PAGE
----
How Does Thyme Enhance Spaghetti Sauce?

If you go more in-depth into thyme flavor layers, you will probably be pleasantly surprised. It is actually very similar to mint, as it leaves that ‘minty’, cooling sensation on the palate, but with far less intensity, of course. 

Lemony and earthy notes are not as prominent, though, but they subtly skyrocket the taste of other ingredients with similar flavor aspects. For example, lemon juice and tomatoes have more potent flavors when paired with the herb. 

When you taste well-prepared, herb-rich sauce, every other will taste insipid on the palate. Speaking of herbs, they are in fact the main source of aroma and flavor, because, without them, you would have a bland and boring dish on your table.

Besides obvious – thyme – basil, parsley, and oregano are the blends to choose from. You can mix them all together if you really like the herby taste on your palate. In that case, it is better to use dried oregano and thyme, plus fresh parsley and basil, just to layer the aromas and flavors.

All of these herbs have two things in common – peppery and earthy notes, which work especially well in dishes that include tomato and meat. 

There is one more reason why you should not skip thyme in spaghetti sauce, and this one is absolutely scientific. It is a well-known fact that tomatoes are an acidic ingredient, but what you may not know, thyme is completely the opposite – an alkaline ingredient. 

That’s why it balances the smack of tomato so well, even without adding sugar or cream! It also counteracts the sweet notes of tomato with its earthiness, soothing the flavors to perfection. 

A sprinkle of thyme will give you the best tomato taste, without it becoming too tart and overwhelming. 

When Should I Add Thyme to My Spaghetti Sauce?

Thyme is not your usual herb, as it has a much more pungent, intense aroma and flavor. That means it won’t wash out when cooked for a long time but on the contrary.

This is by far the best herb to use in slow-cooked dishes, as the flavor becomes richer and more delicate the longer it simmers. It gradually infuses the sauce with the signature flavor, making it reach its full complexity.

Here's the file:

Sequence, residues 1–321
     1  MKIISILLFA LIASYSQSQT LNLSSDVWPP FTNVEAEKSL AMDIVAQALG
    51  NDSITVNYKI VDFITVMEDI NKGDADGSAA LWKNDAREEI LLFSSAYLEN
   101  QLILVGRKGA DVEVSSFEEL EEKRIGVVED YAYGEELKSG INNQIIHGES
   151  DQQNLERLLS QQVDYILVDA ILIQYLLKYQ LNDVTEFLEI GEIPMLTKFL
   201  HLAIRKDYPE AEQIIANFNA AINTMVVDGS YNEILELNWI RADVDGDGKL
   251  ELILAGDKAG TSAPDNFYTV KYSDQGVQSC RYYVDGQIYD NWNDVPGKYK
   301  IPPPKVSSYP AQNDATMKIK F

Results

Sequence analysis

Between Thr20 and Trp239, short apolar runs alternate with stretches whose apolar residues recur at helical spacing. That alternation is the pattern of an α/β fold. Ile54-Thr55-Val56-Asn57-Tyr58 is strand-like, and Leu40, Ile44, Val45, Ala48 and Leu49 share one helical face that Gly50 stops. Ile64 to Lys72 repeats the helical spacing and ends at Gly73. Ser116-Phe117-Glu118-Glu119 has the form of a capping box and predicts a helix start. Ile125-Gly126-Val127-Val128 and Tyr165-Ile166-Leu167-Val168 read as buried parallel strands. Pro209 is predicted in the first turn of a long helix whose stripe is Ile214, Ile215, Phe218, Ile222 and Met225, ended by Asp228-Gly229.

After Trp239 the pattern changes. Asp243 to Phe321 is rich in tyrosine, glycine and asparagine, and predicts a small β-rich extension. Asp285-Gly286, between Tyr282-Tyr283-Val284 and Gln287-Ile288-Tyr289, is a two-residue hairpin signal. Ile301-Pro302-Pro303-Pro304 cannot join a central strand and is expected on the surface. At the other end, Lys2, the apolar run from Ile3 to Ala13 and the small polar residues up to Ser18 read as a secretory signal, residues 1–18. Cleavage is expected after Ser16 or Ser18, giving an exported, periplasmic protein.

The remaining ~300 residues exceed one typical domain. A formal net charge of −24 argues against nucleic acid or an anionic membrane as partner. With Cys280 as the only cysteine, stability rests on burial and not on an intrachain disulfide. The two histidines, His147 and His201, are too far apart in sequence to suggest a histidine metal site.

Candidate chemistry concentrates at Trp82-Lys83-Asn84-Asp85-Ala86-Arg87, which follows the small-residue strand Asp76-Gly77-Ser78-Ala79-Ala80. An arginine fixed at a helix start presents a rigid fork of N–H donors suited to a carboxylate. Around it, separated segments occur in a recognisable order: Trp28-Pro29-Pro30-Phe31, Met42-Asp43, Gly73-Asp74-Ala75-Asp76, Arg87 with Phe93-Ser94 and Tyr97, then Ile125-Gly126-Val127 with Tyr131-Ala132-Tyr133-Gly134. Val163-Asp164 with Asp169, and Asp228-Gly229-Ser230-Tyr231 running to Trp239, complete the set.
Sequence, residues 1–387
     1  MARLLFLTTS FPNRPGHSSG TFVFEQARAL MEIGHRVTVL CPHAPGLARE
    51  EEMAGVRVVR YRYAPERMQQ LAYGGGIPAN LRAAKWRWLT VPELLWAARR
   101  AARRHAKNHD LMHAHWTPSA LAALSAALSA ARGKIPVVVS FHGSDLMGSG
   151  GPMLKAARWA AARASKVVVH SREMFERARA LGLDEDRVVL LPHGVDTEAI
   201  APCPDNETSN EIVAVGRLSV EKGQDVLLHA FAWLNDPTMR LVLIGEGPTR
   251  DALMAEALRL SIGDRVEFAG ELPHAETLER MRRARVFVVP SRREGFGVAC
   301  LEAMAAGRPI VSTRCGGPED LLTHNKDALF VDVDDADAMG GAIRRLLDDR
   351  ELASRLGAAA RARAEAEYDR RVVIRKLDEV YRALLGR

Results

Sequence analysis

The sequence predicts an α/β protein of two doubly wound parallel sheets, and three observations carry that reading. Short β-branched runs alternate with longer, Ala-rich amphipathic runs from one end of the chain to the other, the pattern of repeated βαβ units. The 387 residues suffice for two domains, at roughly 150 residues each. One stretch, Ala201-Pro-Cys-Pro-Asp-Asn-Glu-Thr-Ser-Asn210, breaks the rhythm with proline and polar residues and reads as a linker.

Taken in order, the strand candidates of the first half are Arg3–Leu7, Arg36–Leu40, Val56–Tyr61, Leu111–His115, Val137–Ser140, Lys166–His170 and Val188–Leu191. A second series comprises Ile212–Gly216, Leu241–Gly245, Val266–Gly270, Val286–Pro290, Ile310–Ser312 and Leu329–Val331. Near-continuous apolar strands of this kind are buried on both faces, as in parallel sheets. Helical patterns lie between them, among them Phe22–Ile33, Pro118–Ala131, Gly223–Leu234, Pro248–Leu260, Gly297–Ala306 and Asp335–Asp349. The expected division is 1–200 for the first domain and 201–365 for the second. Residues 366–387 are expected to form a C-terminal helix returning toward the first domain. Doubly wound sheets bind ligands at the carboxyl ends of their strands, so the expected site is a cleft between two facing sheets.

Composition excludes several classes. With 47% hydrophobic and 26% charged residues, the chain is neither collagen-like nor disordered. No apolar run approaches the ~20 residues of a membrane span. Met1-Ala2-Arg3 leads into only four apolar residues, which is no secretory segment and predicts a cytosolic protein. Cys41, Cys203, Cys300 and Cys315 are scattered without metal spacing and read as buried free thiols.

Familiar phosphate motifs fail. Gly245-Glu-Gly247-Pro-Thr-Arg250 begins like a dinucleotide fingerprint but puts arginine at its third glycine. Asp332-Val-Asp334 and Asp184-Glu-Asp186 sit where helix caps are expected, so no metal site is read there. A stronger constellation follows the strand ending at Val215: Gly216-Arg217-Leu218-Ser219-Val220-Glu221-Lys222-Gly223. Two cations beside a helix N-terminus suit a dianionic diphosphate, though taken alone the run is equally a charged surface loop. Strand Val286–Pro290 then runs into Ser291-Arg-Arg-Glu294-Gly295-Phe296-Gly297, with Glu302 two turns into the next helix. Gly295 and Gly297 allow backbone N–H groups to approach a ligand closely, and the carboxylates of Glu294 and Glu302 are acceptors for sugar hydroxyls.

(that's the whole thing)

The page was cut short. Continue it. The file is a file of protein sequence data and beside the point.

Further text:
Of course, you can add it in different stages of cooking, but note that the overall taste will be different. If you add dry thyme at the end of cooking, it won’t reach its full potential, as it needs some time to rehydrate.

If not in the start, add it at least throughout the middle of simmering, so it can release the signature flavors. If you’re making quick spaghetti sauce, definitely opt for fresh thyme.

Add it at the end of cooking, and call it a day! That way you will get the signature aroma but for far less time.

Fresh vs Dried Thyme: Which is Better for My Sauce?

Naturally, there are a few differences in flavors of fresh and dried thyme, but they are subtle. Fresh thyme, expectedly, has a brighter, herbier smack ideal for topping the sauce before serving.

The aroma is strong, but the taste is not as potent as when dried. That’s why it can be an amazing topping without overpowering the other flavors.

Dried thyme is, undoubtedly, stronger, so always use it in sauce that you intend to simmer for a long. It will secure the layers of aroma but soothed flavor.

Of course, you can change it for one another, just be mindful of amounts. As said above, dried thyme is stronger than fresh, so if the recipe says a tablespoon of fresh, use 1 teaspoon of dried.